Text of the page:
Every so often, for no real reason, I’ve gone back to Intermedia Communications’ web site to see if it’s been updated. It hasn’t been since 2002, not too long after the company was purchased by WorldCom. The last time I went to look, though, the site had finally been taken offline. (The name resolves, but there’s just a cryptic text placeholder there.)
There’s some peculiar personal circle being closed over the last few months, I think. I’m back in the networking field—not with a permanent position, granted, but a better contract than either of the other ones I’ve ended up with out here. And I’m back at a really large company. I’m not feeling particularly stable—and the Thanksgiving-to-Christmas period is proving to be a very hectic one—but I’m feeling just a little more organized and a little more creative than I have in quite some time.
It’s a good feeling, but it’s a feeling that baffles me, too.
See, I had an image of where I’d be ten years after college, what I’d be doing, the whole lifestyle. I’d be a writer—not necessarily best-selling, but successful enough that I was making 100% of my money through writing—living on a secluded spot of land not too far from a quirky, civilized area. That area was, at various points, Key West, Taos, Tucson or Big Sur. And sometimes the career choice got varied a little. Maybe I could also do shareware. Or photography. Or run a bed and breakfast. Or run a coffee shop.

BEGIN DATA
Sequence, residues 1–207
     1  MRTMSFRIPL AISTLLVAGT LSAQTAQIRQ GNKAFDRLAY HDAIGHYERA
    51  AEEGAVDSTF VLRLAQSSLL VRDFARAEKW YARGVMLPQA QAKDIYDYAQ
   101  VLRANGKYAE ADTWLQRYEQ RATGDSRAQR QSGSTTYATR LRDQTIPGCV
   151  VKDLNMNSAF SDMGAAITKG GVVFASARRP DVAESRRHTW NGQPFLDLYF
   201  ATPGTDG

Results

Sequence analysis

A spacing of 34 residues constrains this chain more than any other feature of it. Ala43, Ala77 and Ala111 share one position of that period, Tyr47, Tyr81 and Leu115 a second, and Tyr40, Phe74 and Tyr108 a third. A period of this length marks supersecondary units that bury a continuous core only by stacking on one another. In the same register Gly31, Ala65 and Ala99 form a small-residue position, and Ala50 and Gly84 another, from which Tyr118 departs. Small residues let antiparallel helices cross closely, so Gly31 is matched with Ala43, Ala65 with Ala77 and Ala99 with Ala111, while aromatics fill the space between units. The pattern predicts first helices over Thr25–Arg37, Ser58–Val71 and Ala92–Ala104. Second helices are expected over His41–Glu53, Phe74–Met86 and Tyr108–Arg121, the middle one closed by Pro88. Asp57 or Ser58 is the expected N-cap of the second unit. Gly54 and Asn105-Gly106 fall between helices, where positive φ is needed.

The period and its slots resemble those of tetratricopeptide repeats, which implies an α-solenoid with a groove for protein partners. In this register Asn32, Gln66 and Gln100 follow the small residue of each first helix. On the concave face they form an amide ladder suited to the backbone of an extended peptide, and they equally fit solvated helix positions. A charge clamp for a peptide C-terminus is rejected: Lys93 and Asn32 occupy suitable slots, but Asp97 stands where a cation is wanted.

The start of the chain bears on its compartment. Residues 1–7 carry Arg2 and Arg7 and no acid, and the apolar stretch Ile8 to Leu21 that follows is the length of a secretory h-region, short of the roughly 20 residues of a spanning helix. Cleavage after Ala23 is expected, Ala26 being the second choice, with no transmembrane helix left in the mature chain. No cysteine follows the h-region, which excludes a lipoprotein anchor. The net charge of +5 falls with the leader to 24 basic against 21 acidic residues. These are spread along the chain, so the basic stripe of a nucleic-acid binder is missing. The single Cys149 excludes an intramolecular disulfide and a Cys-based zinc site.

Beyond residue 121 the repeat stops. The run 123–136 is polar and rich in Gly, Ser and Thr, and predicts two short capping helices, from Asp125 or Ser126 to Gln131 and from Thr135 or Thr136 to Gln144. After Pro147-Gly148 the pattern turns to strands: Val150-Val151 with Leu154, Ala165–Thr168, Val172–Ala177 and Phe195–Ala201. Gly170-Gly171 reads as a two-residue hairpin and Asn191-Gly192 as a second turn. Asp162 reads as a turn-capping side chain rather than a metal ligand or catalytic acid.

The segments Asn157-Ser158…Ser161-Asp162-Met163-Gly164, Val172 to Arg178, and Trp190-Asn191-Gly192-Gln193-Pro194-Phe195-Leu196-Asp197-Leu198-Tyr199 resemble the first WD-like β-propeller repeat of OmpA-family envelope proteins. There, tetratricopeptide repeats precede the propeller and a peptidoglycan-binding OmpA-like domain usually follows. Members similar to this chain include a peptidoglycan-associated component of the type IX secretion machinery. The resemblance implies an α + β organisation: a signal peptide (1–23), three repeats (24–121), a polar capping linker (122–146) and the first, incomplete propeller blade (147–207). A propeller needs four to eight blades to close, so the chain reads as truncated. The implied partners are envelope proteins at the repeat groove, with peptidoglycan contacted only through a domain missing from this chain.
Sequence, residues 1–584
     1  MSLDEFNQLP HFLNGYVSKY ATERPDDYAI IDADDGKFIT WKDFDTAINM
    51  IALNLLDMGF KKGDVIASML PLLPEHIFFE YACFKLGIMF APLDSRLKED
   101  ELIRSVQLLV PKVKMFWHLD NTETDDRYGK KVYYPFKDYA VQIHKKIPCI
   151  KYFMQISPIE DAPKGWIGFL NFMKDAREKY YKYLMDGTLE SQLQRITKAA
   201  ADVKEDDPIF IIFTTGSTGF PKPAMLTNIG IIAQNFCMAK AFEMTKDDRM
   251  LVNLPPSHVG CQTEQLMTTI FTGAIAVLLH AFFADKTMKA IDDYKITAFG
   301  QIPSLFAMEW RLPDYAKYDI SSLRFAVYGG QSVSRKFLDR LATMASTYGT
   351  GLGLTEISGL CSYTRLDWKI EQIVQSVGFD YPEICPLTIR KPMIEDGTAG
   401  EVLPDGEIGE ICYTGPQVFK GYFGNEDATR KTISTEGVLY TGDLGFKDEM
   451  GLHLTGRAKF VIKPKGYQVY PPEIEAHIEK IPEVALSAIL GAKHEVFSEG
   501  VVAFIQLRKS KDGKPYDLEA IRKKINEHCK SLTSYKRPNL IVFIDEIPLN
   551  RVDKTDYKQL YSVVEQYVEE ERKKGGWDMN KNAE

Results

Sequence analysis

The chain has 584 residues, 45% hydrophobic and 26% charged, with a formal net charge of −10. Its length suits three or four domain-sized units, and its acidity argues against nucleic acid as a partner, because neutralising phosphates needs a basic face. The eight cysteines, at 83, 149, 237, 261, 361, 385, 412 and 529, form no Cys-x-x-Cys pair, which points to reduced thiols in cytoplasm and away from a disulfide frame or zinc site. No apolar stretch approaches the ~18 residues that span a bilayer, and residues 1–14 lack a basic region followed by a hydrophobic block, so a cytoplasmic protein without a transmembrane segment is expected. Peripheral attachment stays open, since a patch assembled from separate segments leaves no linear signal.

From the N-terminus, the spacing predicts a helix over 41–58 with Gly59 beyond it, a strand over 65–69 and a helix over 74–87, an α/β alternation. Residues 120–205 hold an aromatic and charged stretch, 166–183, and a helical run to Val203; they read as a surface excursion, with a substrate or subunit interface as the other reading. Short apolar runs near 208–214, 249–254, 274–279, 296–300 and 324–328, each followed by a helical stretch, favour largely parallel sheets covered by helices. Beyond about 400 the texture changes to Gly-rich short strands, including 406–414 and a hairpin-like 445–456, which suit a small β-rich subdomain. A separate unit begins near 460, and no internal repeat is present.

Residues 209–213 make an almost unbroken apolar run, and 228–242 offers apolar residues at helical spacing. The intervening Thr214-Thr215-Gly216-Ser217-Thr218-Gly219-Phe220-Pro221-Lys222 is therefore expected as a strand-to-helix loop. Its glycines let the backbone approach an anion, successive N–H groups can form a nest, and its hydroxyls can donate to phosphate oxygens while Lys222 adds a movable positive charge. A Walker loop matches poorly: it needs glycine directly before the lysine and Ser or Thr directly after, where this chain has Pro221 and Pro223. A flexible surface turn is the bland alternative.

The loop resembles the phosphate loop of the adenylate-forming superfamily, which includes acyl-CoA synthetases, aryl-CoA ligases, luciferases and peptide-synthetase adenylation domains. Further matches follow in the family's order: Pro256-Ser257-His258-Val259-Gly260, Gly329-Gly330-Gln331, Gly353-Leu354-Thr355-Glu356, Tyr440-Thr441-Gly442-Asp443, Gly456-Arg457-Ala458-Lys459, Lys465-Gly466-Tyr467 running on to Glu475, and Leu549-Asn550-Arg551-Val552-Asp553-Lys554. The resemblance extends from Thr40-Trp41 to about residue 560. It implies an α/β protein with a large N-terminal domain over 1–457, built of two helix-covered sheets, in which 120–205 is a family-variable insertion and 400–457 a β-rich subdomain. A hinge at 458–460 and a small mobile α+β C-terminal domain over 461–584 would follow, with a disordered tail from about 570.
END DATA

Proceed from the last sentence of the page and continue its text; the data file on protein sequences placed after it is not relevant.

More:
You’ll notice a common theme through all of those—independent, sole proprietor kinds of things. In all but the last two, fairly solitary, too.
None of them seems to have much in common with “work for large high-tech company,” does it? Yet, it’s objectively, undeniably true that my most comfortable periods since leaving college have been working for just such places.
I’ve had the somewhat flip thought before that my move to California has been a lot like going back in time a decade—back with housemates, back doing temporary jobs, back having long stretches of no income and worrying about whether I’m going to be able to pull together rent.
If this really is the case, I hope that the current contract ends up being like the temporary job that brought me to Intermedia nearly ten years ago.
And who knows. I’m only a few years out from the traditional age of the mid-life crisis, so the bed and breakfast in Taos may be a few years out.